The Kurt Vonnegut Dictionary of His Imagination

Kurt Vonnegut was not the first author to complain about the way things are in the world — nor will he be the last — but he had the uncanny ability to tie a pedagogical lesson somewhere in with his melee of satire and witticisms. In honor of what would have been the Indiana-born novelist’s 88th birthday this week, we’ve compiled a truncated list of Vonnegutisms and illustrations so, if only for a moment, you can see the world as he did, from the eyes of Kilgore Trout to Vonnegut’s own in A Man Without A Country. In his wonderfully blunt, often impertinent off-the-cuff way, Vonnegut tells his readers exactly what is the what — from olfactory-inclined pervs to the secret ingredient in coal — leaving us with little uncertainty even in all his absurdity.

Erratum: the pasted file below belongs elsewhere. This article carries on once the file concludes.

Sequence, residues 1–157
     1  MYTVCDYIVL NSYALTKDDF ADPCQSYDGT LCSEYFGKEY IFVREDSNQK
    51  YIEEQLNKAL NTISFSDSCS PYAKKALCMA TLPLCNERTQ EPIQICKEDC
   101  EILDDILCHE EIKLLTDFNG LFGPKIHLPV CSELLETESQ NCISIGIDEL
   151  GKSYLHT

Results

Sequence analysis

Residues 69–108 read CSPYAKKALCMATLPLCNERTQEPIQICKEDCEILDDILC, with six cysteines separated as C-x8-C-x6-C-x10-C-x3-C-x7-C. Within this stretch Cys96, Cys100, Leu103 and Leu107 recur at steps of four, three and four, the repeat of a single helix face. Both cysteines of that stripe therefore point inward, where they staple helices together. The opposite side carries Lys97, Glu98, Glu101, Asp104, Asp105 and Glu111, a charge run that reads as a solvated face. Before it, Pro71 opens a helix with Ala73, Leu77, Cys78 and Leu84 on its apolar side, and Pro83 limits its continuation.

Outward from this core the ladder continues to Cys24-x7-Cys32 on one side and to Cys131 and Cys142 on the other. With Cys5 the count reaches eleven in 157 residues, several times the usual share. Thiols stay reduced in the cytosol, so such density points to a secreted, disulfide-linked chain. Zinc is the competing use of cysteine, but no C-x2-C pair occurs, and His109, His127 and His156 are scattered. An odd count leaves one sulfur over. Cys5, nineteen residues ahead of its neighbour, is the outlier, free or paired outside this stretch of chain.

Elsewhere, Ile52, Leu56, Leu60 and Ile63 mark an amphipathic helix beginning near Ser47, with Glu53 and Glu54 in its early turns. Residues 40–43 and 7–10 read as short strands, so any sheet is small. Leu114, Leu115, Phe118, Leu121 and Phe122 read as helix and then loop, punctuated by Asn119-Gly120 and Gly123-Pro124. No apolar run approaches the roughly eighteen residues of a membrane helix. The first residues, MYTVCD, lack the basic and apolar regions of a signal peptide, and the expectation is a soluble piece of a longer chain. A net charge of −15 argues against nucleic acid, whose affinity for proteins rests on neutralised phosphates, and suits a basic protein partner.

Twerp: A guy who put a set of false teeth up his rear end and bit the buttons off the back seats of taxicabs.

Snarf: A guy who sniffed the seats of girl’s bicycles

Nelson Rockefeller: The Governor of New York City. Because of peculiar laws in that part of the planet, he was allowed to own vast areas of Earth’s surface, and the petroleum and other valuable minerals underneath the surface, as well. He owned or controlled more of the planet than many nations. This had been his destiny since infancy. He had been born into that cockamamie proprietorship.